This was the situation which met the eye of the French admiral, scanning the field as the smoke drove away. The disorder of the British, which originated in the general chase, had increased through the hurry of the manoeuvres succeeding the squall, and culminated in the conditions just described. It was an inevitable result of a military exigency confronted by a fleet only recently equipped. The French, starting from a better formation, had come out in better shape. But, after all, it seems difficult wholly to remedy the disadvantage of a policy essentially defensive; and d'Orvilliers' next order, though well conceived, was resultless. At 1 p.m.1 he signalled his fleet to wear in succession, and form the line of battle on the starboard tack (Fig. 2, F). This signal was not seen by the leading ship, which should have begun the movement. The junior French admiral, in the fourth ship from the van, at length went about, and spoke the flagship, to know what was the Commander-in-Chief's desire. D'Orvilliers explained that he wished to pass along the enemy's fleet from end to end, to leeward, because in its disordered state there was a fair promise of advantage, and by going to leeward — presenting his weather side to the enemy — he could use the weather lower-deck guns, whereas, in the then state of the sea, the lee lower ports could not be opened. Thus explained, the movement was executed, but the favourable moment had passed. It was not till 2.30 that the manoeuvre was evident to the British.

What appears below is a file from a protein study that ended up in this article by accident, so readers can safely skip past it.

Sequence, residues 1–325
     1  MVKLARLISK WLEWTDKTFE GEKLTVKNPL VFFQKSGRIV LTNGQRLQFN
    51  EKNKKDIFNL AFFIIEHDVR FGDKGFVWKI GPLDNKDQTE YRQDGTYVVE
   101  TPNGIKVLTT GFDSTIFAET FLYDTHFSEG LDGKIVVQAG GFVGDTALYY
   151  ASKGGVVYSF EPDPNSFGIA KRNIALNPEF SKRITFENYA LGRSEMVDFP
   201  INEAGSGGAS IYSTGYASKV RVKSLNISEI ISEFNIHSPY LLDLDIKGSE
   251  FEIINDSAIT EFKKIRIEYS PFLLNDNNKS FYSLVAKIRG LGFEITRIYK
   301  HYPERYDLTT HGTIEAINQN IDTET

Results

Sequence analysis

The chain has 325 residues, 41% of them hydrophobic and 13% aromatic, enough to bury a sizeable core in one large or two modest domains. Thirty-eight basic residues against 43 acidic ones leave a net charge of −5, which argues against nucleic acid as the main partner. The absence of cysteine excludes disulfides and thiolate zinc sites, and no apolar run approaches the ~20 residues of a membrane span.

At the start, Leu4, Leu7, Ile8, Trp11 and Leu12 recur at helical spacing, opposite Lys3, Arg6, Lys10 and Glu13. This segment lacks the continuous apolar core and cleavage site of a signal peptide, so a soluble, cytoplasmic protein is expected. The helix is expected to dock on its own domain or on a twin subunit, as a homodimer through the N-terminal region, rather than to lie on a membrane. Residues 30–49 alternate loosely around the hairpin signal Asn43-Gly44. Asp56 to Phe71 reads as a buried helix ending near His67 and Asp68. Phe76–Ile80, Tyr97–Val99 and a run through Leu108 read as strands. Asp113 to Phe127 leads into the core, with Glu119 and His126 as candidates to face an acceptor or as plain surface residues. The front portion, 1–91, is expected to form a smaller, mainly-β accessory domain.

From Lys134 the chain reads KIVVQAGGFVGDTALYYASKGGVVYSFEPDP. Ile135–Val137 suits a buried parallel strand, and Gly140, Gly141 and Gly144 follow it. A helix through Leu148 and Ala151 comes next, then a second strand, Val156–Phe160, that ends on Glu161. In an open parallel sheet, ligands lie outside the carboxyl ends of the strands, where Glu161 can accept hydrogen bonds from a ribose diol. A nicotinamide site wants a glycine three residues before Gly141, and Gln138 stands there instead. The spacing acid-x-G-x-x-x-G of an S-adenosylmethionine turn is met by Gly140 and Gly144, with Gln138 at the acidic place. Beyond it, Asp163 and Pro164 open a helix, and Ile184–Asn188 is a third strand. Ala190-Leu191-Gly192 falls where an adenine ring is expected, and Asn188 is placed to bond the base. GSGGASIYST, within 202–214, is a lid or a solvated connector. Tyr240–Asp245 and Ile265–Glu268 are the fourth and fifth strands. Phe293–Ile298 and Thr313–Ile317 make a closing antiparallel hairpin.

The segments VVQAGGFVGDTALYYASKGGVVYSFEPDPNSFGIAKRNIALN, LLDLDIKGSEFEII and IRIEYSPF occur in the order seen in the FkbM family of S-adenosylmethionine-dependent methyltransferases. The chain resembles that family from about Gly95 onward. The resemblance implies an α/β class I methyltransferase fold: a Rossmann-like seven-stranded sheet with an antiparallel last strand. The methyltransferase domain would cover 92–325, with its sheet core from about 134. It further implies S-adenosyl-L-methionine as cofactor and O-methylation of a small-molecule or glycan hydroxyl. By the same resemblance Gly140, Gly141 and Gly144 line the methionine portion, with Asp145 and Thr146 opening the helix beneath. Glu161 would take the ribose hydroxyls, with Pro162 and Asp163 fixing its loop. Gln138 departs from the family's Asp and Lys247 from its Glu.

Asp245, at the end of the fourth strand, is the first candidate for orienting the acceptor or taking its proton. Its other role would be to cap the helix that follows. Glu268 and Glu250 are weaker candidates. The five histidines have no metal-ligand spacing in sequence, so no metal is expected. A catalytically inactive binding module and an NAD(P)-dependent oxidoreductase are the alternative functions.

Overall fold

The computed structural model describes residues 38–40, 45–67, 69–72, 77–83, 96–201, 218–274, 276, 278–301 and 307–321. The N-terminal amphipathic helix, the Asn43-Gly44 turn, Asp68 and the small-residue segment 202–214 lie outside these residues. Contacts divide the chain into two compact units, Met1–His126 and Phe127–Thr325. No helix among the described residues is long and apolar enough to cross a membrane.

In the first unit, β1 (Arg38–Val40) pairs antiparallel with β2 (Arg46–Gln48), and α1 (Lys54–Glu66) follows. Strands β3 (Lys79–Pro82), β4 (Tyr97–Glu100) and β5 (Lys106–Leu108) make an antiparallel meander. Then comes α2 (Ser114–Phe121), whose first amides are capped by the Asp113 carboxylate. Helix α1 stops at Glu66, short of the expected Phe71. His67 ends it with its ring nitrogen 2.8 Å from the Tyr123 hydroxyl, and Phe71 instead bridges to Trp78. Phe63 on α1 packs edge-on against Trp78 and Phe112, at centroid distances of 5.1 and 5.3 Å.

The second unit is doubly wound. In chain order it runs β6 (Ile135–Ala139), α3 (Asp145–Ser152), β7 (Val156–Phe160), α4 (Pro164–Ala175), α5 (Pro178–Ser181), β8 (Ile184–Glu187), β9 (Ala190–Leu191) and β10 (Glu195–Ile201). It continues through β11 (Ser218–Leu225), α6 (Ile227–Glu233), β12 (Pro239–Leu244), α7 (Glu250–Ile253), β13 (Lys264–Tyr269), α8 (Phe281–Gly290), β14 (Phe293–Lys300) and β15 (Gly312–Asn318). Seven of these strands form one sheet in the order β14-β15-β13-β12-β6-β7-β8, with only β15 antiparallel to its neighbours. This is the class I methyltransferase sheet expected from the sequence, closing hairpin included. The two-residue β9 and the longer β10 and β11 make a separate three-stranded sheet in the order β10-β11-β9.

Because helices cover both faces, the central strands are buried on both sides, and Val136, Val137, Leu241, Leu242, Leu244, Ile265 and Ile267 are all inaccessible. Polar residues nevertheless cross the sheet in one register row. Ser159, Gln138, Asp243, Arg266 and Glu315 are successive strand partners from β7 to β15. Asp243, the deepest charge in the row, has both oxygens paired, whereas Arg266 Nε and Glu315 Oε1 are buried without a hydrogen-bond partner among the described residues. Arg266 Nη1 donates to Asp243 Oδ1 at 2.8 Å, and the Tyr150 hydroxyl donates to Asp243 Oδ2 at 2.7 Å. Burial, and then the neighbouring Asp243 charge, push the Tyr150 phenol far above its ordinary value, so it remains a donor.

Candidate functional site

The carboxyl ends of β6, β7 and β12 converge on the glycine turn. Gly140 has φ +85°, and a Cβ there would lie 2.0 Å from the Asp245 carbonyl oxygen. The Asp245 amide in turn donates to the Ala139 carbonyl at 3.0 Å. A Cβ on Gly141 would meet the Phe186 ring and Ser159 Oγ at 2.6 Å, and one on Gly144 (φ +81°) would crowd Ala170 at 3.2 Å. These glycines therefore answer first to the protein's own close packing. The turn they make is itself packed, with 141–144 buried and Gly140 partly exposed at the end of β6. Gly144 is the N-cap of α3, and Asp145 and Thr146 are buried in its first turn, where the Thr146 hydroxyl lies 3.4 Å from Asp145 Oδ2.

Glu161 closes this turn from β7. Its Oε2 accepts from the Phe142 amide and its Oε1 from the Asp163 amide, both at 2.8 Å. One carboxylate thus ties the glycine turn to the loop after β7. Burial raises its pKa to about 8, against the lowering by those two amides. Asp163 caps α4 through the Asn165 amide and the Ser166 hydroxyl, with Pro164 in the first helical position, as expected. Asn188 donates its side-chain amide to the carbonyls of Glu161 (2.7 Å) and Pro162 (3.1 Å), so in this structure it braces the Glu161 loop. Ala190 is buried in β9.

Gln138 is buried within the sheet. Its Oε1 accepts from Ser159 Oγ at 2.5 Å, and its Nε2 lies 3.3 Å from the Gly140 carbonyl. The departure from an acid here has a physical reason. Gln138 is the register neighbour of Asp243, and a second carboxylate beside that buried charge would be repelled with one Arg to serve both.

As soon as Keppel recognised his opponent's intention, he wore the Victory again, (d), a few minutes after 3 P.m., and stood slowly down, on the starboard tack off the wind, towards his crippled ships in the south-south-east, keeping aloft the signal for the line of battle, which commanded every manageable ship to get to her station (Fig. 3, C). As this deliberate movement was away from the enemy, (F), Palliser tried afterwards to fix upon it the stigma of flight, — a preposterous extravagancy. Harland put his division about at once and joined the Admiral. On this tack his station was ahead of the Victory, but in consequence of a message from Keppel he fell in behind her, to cover the rear until Palliser's division could repair damage and take their places. At 4 P.m. Harland's division was in the line. Palliser's ships, as they completed refitting, ranged themselves before or behind his flagship ; their captains considering, as they testified, that they took
1 Chevalier. Probably later by the other times used in this aocount.